Given the definition of classical education we developed previously – that classical education is a set of principles that focuses on developing a love of truth, goodness, and beauty – I then give you this, from Charlotte Mason’s Philosophy of Education:
[Education should] qualify their children for life rather than for earning a living.
One sentence, and that’s the real crux of it. What is the point of our studies? It is not to get into college or get a job. The point is that our studies make us fit and able to live a worthy and honorable life.
As a matter of fact, it is the man who has read and thought on many subjects who is, with the necessary training, the most capable whether in handling tools, drawing plans, or keeping books. The more of a person we succeed in making a child, the better will he both filfil his own life and serve society.
It is not that we do not want our children to get jobs, but that a job is an indirect benefit, one that comes as “bonus” rather than as the end sought.
Miss Mason even gives us historical proof that this is the best way:
History, poetry, philosophy, proved the salvation of a ruined nation [Prussia after Napoleonic wars], because such studies make for the development of personality, public spirit, initiative, the qualities of which the State was in need, and which most advance individual happiness and success. On the other hand, the period when Germany made her school curriculum utilitarian marks the beginning of her moral downfall.
Next, Miss Mason proves she is no unschooler, and also no elitist:
Now, no one can employ leisure fitly whose mind is not brought into active play every day; the small affairs of a man’s own life supply no intellectual food and but small and monotonous intellectual exercise. Science, history, philosophy, literature, must no longer be the luxuries of the ‘educated’ classes; all classes must be educated and sit down to these things of the mind as they do to their daily bread. History must afford its pageants, science its wonders, literature its intimacies, philosophy its speculations, religion its assurances to every man, and his education must have prepared him for wanderings in these realms of gold.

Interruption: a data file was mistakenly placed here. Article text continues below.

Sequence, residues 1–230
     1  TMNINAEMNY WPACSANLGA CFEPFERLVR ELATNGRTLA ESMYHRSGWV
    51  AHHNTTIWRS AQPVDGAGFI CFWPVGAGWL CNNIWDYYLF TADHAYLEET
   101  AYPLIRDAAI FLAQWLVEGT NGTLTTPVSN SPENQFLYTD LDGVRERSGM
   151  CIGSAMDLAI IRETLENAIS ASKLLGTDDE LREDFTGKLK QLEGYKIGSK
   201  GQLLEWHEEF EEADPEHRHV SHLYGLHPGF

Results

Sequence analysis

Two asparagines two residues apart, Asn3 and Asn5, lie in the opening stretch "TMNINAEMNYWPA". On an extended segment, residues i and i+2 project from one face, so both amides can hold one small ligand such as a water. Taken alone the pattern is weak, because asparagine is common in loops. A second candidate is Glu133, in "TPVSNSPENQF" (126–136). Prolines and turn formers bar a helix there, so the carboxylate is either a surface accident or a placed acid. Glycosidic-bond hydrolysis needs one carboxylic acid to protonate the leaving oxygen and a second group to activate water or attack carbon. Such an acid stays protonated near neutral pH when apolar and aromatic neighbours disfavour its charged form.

Here she agrees with Sydney Harris, who said, “The primary purpose of a liberal education is to make one’s mind a pleasant place in which to spend one’s leisure.”
She also turns out to be no back-to-basics, 3Rs proponent:
A knowledge of reading, writing, and arithmetic is no education and no training but merely the elementary condition of further knowledge. [A liberal arts University’s] implicit contention is, given a well-educated man with cultivated imagination, trained judgement, and wide interests, he is prepared to master the intricacies of any profession; […] Special teaching towards engineering, cotton-spinning, and the rest is quite unnecessary for every manufacturer knows that given a ‘likely’ lad he will soon be turned into a good workman in the works themselves.
And she is relentless in rooting out our qualms about jobs and teaching to the tests:
But we are slow to learn because we have set up a little tin god of efficiency in that niche within our private pantheon which should be occupied by personality [personhood, individuality, humanity, souls]. […] We shall find, in the words of a well-known Swedish professor that “just as enrichment of the soil gives the best conditions for the seed sown in it so a well-grounded humanistic [humanities] training provides the surest basis for a business capacity.
This makes me think of the C.S. Lewis quote: “Aim at heaven and get earth thrown in. Aim at earth you will get neither.” Classical education is an education oriented toward the higher ideals that modern materialists don’t even believe exist, the primary ideal being truth. And Truth became a person. And Truth is evident in all His Creation. An education that aims at ignoring truth and focuses instead on shortcutting to results and outcomes will not get either, as should be manifest by now.
Charlotte Mason had her own particular and very precise methodology laid out, but it was founded upon classical principles. She worked out a reproducible application of the classical principles that was effective with privileged and unprivileged classes alike. She was a stalwart defender of classical education in a tide that was against her, a tide crashing with all haste toward our modern, utilitarian, materialist (not necessarily consumerist, but more broadly, not believing in a spiritual realm) system.
Our aim in Education is to give a Full Life. — We begin to see what we want. Children make large demands upon us. We owe it to them to initiate an immense number of interests. ‘Thou hast set my feet in a large room’ should be the glad cry of every intelligent soul. Life should be all living, and not merely a tedious passing of time; not all doing or all feeling or all thinking — the strain would be too great — but, all living; that is to say, we should be in touch wherever we go, whatever we hear, whatever we see, with some manner of vital interest… The question is not, — how much does the youth know? when he has finished his education — but how much does he care?
Plus, I know I’m right that Charlotte Mason is a classical educator because Cindy said so at CIRCE. :)
As I participate in Brandy’s study of Charlotte Mason’s 20 Principles of Education, I want to work through the core of those principles rather than her particular applications of them. In doing so, I think it will be clear that she was staunchly in the stream of classical education, and we can all benefit from her clear thinking and wise counsels.